- Article 7(1)(b)(iii) REE 1991 was therefore to be applied mutatis mutandis to the present case. It was immaterial that the person under whose direct supervision he (the appellant) had trained had been acting not just as an employee on behalf of a single employer but for a variety of different clients before the EPO. Moreover, that person was a German legal practitioner, and entitled as such to train prospective patent representatives in Germany - which seemingly he was not allowed to do for European proceedings. This was not the sense of Article 134(7) EPC. The condition laid down in sub-paragraph (i) of Article 7(1)(b) REE 1991 therefore had to be so interpreted that what applied at national level applied also for the EPC. The omission of legal practitioners under Article 134(7) EPC from Article 7(1)(b) REE 1991 could only be an oversight by the REE, there being no reason not to treat all "practitioners before the EPO" in the same way.
- Article 134(8)(a) EPC empowered the Administrative Council only to enact rules on qualifications and training, ie on quality yardsticks, not to flout the EPC by arbitrarily accepting some trainers but not others. In adopting the REE 1991 the Administrative Council had contravened the EPC, by setting stricter criteria for admission to the European qualifying examination than envisaged by Article 134 EPC.
- If he (the appellant) had been admitted to the examination in good time, he would not have had to pay the examination fee twice. One fee should therefore be refunded.
- When the November 1994 oral proceedings were cancelled at short notice because a board member was ill, he (the appellant) had incurred needless travel expenses; these should be reimbursed. The Disciplinary Board of Appeal should have ensured that a suitable replacement judge was available.
VII. The appellant requested that
(a) the Examination Board's decision be set aside, and his training period under the supervision of a German legal practitioner and patent attorney be held to fulfil the requirements of Article 7(1)(b) REE 1991;
(b) the DEM 800 examination fee paid on 24 November 1993 be refunded;
(c) travel costs of DEM 520.10 incurred on 21 and 22 November 1994 be reimbursed;
(d) the fee for appeal be refunded.
Reasons for the decision
1. Article 7(1)(b) REE 1991 reads as follows:
"Candidates may request enrolment for the European Qualifying Examination on condition that:
(b) they are able to satisfy the Board that, at the date of the examination, they have:
(i) completed a full-time training period of at least three years in one of the Contracting States under the supervision of one or more persons entered on the list referred to in Article 134, paragraph 1, of the European Patent Convention, and have during this period taken part as an assistant to that person or those persons in a wide range of activities pertaining to European patent applications or European patents; or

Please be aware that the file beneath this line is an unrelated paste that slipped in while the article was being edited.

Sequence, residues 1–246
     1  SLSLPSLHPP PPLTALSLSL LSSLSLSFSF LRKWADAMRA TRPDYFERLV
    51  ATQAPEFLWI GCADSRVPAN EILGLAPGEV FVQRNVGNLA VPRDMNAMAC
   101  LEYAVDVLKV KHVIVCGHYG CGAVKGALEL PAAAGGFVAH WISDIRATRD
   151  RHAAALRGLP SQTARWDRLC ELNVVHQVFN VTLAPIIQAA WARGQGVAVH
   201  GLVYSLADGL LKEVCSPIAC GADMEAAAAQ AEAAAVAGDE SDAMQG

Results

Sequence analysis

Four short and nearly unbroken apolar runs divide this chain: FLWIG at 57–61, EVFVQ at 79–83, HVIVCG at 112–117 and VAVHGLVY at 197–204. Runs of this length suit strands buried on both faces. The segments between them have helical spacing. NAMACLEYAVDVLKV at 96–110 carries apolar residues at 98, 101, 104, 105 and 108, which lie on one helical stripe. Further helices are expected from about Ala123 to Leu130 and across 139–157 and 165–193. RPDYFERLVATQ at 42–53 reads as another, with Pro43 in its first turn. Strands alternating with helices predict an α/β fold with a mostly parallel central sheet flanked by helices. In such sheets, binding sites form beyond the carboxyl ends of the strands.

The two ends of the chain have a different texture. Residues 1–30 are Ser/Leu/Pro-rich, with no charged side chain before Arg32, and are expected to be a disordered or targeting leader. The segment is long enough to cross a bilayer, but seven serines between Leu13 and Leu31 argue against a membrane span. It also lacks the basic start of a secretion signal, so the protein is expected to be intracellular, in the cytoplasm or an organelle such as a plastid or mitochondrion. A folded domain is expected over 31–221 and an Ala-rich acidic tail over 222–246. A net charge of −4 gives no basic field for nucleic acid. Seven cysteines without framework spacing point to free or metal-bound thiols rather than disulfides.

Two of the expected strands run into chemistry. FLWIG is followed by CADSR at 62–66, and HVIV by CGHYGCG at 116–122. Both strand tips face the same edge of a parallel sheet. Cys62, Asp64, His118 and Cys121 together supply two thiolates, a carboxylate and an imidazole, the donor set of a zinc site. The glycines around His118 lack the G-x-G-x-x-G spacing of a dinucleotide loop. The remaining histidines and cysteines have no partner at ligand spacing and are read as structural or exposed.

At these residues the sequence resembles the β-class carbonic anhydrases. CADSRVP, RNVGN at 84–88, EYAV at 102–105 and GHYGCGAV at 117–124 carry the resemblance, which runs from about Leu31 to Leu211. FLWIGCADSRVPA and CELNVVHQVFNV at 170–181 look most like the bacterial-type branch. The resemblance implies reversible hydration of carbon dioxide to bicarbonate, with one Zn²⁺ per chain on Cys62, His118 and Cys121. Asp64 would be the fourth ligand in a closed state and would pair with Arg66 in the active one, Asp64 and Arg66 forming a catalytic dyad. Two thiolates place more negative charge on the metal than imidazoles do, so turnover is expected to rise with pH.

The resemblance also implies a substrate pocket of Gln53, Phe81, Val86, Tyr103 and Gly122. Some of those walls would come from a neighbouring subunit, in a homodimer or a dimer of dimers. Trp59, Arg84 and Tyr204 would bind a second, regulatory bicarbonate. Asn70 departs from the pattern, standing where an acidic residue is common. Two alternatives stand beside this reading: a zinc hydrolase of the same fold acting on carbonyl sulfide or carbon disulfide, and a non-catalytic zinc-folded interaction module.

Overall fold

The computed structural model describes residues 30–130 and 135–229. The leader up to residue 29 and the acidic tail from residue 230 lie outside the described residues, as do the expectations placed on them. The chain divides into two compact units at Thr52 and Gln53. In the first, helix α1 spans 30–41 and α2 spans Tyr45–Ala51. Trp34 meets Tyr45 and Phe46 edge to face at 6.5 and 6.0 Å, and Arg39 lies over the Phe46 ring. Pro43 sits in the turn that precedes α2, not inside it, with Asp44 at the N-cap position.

(ii) worked full-time for a period of at least three years in the employment of a natural or legal person whose residence or place of business is within the territory of one of the Contracting States and have represented their employers before the European Patent Office in accordance with Article 133, paragraph 3, of the European Patent Convention while taking part in a wide range of activities pertaining to ... ; or
(iii) worked full-time during a period of at least three years as an assistant to and under the direct supervision of one or more persons as defined in sub-paragraph (ii) in a wide range of activities pertaining to ... ."
To be admitted to the European qualifying examination, a candidate must thus fulfil at least one of the above three conditions.
2. In the appellant's opinion, the failure of Article 7(1)(b) REE 1991 to provide for practical training to take place under the supervision of a legal practitioner is in breach of the principle, enshrined in Article 134(7) EPC, of equal treatment between legal practitioners and professional representatives (Article 134(1) EPC). He therefore argues that Article 7(1)(b)(iii) REE 1991 should be applied mutatis mutandis in the present case. The Board would comment as follows:
2.1 The activities referred to in Article 7(1)(b) REE 1991 presuppose scientific or technical knowledge. Persons under whose direction or immediate supervision a candidate takes part as an assistant in a wide range of such activities must therefore also possess such knowledge, to be able to train him eg to draft European patent applications, replies to communications from EPO examining divisions and notices of opposition against European patents.